In climate bid, Obama stares down melting Alaska glacier

President Barack Obama speaks to members of the media while on a hike to the Exit Glacier in Seward, Alaska, Tuesday, Sept. 1, 2015, which according to National Park Service research, has retreated approximately 1.25 miles over the past 200 years. Obama is on a historic three-day trip to Alaska aimed at showing solidarity with a state often overlooked by Washington, while using its glorious but changing landscape as an urgent call to action on climate change. (AP Photo/Andrew Harnik) SEWARD, Alaska (AP) — President Barack Obama stared down a melting glacier in Alaska on Tuesday in a dramatic use of his presidential pulpit to sound the alarm on climate change.


In climate bid, Obama stares down melting Alaska glacier

President Barack Obama speaks to members of the media while on a hike to the Exit Glacier in Seward, Alaska, Tuesday, Sept. 1, 2015, which according to National Park Service research, has retreated approximately 1.25 miles over the past 200 years. Obama is on a historic three-day trip to Alaska aimed at showing solidarity with a state often overlooked by Washington, while using its glorious but changing landscape as an urgent call to action on climate change. (AP Photo/Andrew Harnik) SEWARD, Alaska (AP) — President Barack Obama stared down a melting glacier in Alaska on Tuesday in a dramatic use of his presidential pulpit to sound the alarm on climate change.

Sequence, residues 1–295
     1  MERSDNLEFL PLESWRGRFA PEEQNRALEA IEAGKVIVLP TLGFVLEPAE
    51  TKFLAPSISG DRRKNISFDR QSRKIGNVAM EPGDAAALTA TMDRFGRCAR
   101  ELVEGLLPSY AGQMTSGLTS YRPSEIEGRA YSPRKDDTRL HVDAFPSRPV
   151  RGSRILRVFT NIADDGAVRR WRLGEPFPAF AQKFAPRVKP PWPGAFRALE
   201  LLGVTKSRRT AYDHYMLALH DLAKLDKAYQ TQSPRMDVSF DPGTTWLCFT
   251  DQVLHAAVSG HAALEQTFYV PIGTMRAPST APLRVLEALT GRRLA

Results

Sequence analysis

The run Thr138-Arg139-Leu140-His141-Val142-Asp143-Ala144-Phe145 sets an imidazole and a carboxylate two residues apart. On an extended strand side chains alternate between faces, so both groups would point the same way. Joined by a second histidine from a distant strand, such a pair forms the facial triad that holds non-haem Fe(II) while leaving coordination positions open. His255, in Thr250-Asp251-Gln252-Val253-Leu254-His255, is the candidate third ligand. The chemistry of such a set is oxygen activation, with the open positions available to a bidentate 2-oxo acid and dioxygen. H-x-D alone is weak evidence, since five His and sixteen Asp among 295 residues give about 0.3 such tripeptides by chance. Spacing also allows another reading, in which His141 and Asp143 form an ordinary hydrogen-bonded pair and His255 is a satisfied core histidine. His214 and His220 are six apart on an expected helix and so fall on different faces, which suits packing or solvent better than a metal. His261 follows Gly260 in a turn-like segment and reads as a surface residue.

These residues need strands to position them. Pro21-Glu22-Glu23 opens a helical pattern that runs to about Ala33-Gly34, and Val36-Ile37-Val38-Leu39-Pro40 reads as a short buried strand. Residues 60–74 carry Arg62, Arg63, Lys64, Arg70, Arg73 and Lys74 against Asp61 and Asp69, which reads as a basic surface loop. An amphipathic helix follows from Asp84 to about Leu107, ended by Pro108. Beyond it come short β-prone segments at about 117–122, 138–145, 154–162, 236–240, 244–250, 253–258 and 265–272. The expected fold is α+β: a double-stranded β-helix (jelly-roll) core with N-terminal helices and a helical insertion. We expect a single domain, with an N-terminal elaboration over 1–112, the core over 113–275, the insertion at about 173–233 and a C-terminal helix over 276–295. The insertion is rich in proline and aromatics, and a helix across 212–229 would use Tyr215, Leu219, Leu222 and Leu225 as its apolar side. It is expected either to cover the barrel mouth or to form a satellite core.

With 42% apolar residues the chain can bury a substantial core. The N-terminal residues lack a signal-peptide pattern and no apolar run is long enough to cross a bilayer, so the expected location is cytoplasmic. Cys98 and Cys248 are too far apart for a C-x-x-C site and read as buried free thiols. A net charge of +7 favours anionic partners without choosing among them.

Family, doctor say injured firefighter making slow progress

SEATTLE (AP) — The firefighter severely injured in a Washington wildfire flare-up that killed three of his comrades is making progress, but he's not out of danger yet.

Man who got life for marijuana charge goes free in Missouri

Jeff Mizanskey smiles as he walks away from cameras after being released from the Jefferson City Correctional Center, after serving two decades of a life sentence for a marijuana-related charge in Jefferson City, Mo., on Tuesday, Sept. 1, 2015. His release followed years of lobbying by relatives, lawmakers and others who argued that the sentence was too stiff and that marijuana should not be forbidden. (AP Photo/Columbia Missourian/Justin L. Stewart) JEFFERSON CITY, Mo. (AP) — A man sentenced to life without parole on a marijuana-related charge was freed Tuesday from a Missouri prison after being behind bars for more than two decades — a period in which the nation's attitudes toward pot steadily softened.


Man who got life for marijuana charge goes free in Missouri